A key concept from the economic point of view, "cathexis" refers to the process that attaches psychic energy, essentially libido, to an object, whether this is the representation of a person, body part, or psychic element. Implicit in Freud's early works, the idea of cathexis stems directly from the hypothesis of psychic energy. The term first appeared in 1895 in Studies on Hysteria, as well as in "Project for a Scientific Psychology" (1950c ). It then recurs throughout Freud's works.
The term is used to designate various psychic impulses in energic terms. As a result, "cathexis" is also used to refer to organizational psychic impulses, the interplay of symptoms and regressions, and the workings of attention and pain. Freud used it to describe major and modulated quantitative phenomena in symptoms and psychic processes. The term also denotes the binding of psychic energy to interconnected representations in the progressive organization of the psyche. Cathexis relates to the affects, where the issue of the quantum of affect becomes paramount (Freud, 1933a ). A feeling not cathected with energy, or loaded with a certain quantity of affect, does not become fixed in memory. Psychic objects and representations are the result of cathexis. Most psychic mechanisms have to be considered from the economic point of view, that is, in terms of cathexis, decathexis, anticathexis, and hypercathexis. The concept of cathexis thus underpins Freud's entire theory of the constitution of the psyche.
Everything that takes place in the body or the psyche can be an object of cathexis. Real persons are cathected only through the intermediary of the psychic representations constructed of them. Cathexes are objective when they are directed at individuals with a corresponding existence in the external world and are narcissistic when they have meaning only for the subject. Any stable psychic formation, essentially any psychic formation constituted from a stable cathexis, can in turn become the support for a cathexis added to its constituent cathexis.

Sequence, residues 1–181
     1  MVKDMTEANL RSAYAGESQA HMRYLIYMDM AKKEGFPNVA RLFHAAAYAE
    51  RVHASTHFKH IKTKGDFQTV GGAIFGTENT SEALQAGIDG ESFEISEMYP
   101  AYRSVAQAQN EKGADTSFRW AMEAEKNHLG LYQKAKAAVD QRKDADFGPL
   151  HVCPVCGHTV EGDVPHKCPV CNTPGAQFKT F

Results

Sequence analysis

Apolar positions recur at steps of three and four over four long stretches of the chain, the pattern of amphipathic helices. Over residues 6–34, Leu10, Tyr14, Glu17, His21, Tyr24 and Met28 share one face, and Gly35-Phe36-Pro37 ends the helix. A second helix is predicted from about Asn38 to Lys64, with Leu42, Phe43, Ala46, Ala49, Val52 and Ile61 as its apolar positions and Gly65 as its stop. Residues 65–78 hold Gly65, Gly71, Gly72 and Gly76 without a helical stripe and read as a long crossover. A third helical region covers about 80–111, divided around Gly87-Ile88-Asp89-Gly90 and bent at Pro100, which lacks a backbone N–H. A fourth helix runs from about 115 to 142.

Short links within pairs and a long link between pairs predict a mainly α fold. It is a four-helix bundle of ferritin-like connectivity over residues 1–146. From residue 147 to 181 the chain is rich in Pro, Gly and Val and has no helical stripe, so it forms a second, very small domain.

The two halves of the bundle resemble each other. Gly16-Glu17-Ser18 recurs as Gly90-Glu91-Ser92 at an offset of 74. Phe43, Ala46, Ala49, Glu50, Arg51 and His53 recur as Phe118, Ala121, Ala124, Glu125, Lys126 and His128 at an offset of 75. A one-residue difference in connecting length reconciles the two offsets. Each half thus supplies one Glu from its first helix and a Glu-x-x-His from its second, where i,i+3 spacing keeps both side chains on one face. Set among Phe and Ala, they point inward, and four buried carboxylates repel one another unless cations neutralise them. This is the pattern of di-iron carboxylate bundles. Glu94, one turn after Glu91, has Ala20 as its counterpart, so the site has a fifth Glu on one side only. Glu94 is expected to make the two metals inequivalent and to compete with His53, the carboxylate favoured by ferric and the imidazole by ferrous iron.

Every cathexis has an impact on psychic equilibrium because it reduces the quantity of free energy, but the cathexes most constitutive of the psyche are the drive cathexes. Libidinal cathexis of the object of the drive and of the experience of satisfaction obtained in the subject's interaction with that object constitute the most vital internal objects that can support pleasurable ego functioning.
The concept of fixation has to be understood in terms of libidinal cathexes that have remained organized around historically determined objects (in the widest sense). Freud used many different metaphors to describe this process. He used military metaphors to describe how troops (psychic energy) occupy (cathect—the literal meaning of "Besetzung") a particular piece of the psychic territory and how some of these troops remain behind to establish a base for a return of forces that have completed the advance. Freud also used metaphors from banking, deploying an analogy between libidinal cathexes and financial investments. With the metaphor of an amoeba, Freud illustrated how narcissistic and objective cathexes are related: the pseudopodia that the amoeba extends toward objects are currents of object cathexis that can be withdrawn back into the subject and turned into narcissistic cathexes. The stronger the narcissistic fixation, the greater the potential for narcissistic regression.